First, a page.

Marine Sensors Proof of Concept

Robotic vehicle being launched into the sea

The oceans play a crucial role in the prosperity and future of civilisation, but their biogeochemical variations remain a challenge to measure, limiting quantitative understanding and our predictive capabilities. Autonomous sensors are well placed to address this capability gap, however, whilst there have been considerable advances in recent years in the operational use of autonomous marine physics sensors, the operational use of autonomous biogeochemistry and biology sensors remains in its infancy.

This programme aims to build on recent research investments in novel marine technologies in the UK and Japan and deliver proof of concept projects for high-risk high-reward innovative sensing technologies.

Marine Sensors Proof of Concept - Announcement of Opportunity

Closing date: 24 Aug
2017

20 Jun 2017

Proposals are invited for submission to a new jointly funded activity between funding agencies in the UK and the Japan Science & Technology Agency (JST) that will deliver 'proof of concept' biogeochemical and biological sensors projects for autonomous observations in the marine and aquatic environment.

The oceans play a crucial role in the prosperity and future of civilisation, but their biogeochemical variations remain a challenge to measure, limiting quantitative understanding and our predictive capabilities. Oceans provide essential natural resources such as offshore energy resources, locations for carbon sequestration capture and storage, fish, tourism, minerals, and a route for global transport of goods and resources.

Much of the ocean environment, including the deep sea, remains unexplored or poorly characterised. To understand, predict, protect and manage ocean processes and resources requires a step change in the available data from this environment. This is particularly true for biogeochemical cycling of oxygen, carbon, nutrients and metals and the resultant microbiological response that dominates ocean productivity and influence fisheries and carbon sequestration potential. These processes vary widely over geographic and temporal scales from the coast to remote-ocean (productive) surface, to (the sequestering) deep sea. Therefore ocean scientists and stakeholders need vast numbers of measurements to study processes leading to effective models, understanding, and effective management and exploitation of these fragile yet valuable environments.

Autonomous sensors are well placed to address this capability gap due to the immediacy of their analysis and ability for widespread year-round deployments on autonomous platforms, such as sea gliders and Argo floats, and on existing traditional infrastructure for extended time series, such as the RAPID North Atlantic observing system. However, whilst there have been considerable advances in recent years in the operational use of autonomous marine physics sensors, the operational use of autonomous biogeochemistry and biology sensors remains in its infancy. There is therefore a critical need to develop the next generation of biogeochemistry and biology autonomous sensors, that can be deployed in numbers (for example, on the Argo float array) and deliver the step change in data density both temporally and spatially.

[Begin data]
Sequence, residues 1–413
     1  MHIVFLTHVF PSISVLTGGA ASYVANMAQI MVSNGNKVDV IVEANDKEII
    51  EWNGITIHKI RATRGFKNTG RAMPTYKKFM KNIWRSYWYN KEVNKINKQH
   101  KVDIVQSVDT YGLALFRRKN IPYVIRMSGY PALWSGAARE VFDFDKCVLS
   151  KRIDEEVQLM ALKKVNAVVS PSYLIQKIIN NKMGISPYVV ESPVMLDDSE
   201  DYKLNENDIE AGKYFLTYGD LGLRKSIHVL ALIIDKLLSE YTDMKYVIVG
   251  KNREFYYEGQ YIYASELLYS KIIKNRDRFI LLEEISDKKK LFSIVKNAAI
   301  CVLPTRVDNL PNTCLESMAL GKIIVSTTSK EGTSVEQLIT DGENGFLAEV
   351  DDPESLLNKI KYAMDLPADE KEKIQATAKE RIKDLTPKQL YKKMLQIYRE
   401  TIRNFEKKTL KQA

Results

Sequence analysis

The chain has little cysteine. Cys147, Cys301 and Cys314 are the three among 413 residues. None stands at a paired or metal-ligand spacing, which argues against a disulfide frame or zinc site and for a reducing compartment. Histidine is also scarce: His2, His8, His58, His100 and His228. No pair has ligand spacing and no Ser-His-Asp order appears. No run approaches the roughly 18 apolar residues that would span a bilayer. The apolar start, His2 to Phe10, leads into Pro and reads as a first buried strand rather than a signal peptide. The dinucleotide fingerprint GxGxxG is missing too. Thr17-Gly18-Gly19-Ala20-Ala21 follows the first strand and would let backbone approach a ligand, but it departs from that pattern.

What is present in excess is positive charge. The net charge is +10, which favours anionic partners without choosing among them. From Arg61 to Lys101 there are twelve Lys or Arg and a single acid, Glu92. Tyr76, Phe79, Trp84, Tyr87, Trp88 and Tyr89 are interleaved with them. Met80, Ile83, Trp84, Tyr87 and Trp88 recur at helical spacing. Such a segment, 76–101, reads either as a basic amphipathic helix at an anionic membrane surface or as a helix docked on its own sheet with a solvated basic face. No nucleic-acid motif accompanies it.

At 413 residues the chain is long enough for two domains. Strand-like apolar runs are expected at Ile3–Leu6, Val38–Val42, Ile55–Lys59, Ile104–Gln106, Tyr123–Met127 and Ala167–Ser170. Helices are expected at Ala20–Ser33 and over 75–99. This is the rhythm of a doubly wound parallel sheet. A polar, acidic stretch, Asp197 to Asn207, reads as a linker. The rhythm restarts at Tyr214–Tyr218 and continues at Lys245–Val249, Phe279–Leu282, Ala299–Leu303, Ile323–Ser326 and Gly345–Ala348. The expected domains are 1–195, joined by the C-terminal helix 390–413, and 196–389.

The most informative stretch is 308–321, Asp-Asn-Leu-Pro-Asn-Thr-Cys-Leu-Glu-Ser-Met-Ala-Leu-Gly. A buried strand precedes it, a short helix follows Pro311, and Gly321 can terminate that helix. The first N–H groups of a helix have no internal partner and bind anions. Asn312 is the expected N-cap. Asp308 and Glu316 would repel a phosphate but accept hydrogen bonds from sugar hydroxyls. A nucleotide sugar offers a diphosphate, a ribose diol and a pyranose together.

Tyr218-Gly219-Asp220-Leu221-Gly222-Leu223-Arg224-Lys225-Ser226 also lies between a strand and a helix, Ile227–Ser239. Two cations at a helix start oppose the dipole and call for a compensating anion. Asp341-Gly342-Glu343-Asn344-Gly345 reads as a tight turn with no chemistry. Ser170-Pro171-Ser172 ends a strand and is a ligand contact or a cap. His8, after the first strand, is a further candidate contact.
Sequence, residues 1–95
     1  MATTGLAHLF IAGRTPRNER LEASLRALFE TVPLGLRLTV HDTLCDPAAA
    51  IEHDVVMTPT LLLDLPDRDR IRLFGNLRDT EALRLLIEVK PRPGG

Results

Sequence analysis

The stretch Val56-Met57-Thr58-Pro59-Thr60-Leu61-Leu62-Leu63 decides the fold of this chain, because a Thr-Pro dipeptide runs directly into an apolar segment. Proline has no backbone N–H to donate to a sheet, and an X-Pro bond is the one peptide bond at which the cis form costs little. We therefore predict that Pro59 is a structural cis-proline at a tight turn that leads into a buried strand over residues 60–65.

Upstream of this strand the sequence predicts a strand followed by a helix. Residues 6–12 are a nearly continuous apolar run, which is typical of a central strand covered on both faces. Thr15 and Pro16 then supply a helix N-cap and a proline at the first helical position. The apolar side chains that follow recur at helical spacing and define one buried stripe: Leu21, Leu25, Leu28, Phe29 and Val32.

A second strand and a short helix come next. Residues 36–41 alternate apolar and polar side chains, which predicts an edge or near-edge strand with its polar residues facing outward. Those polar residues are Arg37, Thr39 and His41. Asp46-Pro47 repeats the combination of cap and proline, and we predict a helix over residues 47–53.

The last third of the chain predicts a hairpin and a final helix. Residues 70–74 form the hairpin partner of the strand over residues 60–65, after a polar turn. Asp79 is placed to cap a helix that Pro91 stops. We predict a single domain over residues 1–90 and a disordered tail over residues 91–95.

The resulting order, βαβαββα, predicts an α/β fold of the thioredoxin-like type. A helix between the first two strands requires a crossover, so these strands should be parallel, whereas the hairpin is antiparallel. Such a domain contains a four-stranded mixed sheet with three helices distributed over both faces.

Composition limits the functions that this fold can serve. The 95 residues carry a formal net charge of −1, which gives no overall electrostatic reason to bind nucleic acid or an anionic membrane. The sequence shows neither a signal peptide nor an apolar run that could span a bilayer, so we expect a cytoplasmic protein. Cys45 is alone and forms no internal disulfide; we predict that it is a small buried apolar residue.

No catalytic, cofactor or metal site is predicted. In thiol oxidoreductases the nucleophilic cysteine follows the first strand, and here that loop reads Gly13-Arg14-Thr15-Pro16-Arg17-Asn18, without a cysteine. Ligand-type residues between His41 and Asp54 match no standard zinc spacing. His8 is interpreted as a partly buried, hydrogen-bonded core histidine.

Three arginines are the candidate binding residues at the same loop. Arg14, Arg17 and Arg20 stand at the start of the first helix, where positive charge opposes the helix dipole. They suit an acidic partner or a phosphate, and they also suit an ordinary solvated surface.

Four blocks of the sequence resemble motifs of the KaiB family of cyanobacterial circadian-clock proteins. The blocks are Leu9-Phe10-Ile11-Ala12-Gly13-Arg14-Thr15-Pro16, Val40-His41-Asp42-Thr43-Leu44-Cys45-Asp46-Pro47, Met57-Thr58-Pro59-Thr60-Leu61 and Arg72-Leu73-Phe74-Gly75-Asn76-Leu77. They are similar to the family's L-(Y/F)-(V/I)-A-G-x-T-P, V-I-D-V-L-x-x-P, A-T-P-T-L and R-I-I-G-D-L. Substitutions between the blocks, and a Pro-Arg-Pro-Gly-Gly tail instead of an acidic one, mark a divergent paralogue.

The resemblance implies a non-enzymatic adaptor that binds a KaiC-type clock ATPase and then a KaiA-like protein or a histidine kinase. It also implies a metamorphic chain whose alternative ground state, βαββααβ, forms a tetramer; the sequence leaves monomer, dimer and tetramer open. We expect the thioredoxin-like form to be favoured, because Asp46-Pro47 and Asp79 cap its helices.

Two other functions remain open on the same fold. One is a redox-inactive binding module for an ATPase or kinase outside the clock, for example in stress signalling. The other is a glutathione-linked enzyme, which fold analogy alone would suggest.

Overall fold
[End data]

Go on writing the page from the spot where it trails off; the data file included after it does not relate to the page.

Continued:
The development of world-class marine autonomous sensors is a major strength of scientists in the UK and Japan. Whilst there have been considerable advances in recent years in the operational use of autonomous marine physics sensors, the operational use of autonomous biogeochemistry and biology sensors remains in its infancy. This capability gap limits our ability to move forward with science in a number of key areas, including:

  • the response of ocean biogeochemistry and biology in a warming and acidifying future
  • understanding impacts of biogeochemical cycles and their variability on the ocean carbon pump
  • the distribution, sources and fate of chemical elements, harmful organisms and alien species.

Recent advances in sensor technology promise to close the capability gap for some biogeochemistry and biology essential ocean variables (EOV). However, for a wide range of high priority biogeochemistry and biology EOVs there is either no, or poor, sensing capability available.

A key outcome of this programme will be a number of innovative and disruptive approaches using technologies that will ideally be at Technology Readiness Level (TRL) 4 by the end of the programme. This outcome will help to bridge the biogeochemistry-biology capability gap for autonomous observation of the oceans, and will ultimately help to move away from research ship dependence by accelerating the wider use of autonomous observing technologies. In time, this will lead to improved understanding of marine ecosystem by taking the use of novel marine observing technology beyond proof of concept to proof of delivery.

Timing

2017 - 2021

Can I apply for a grant?

Yes, the announcement of opportunity for this call has been published.

Budget

This programme is jointly funded by the UK and the Japan Science & Technology Agency (JST) and aims to award up to three proof of concept studies with maximum funding of £300,000 per award.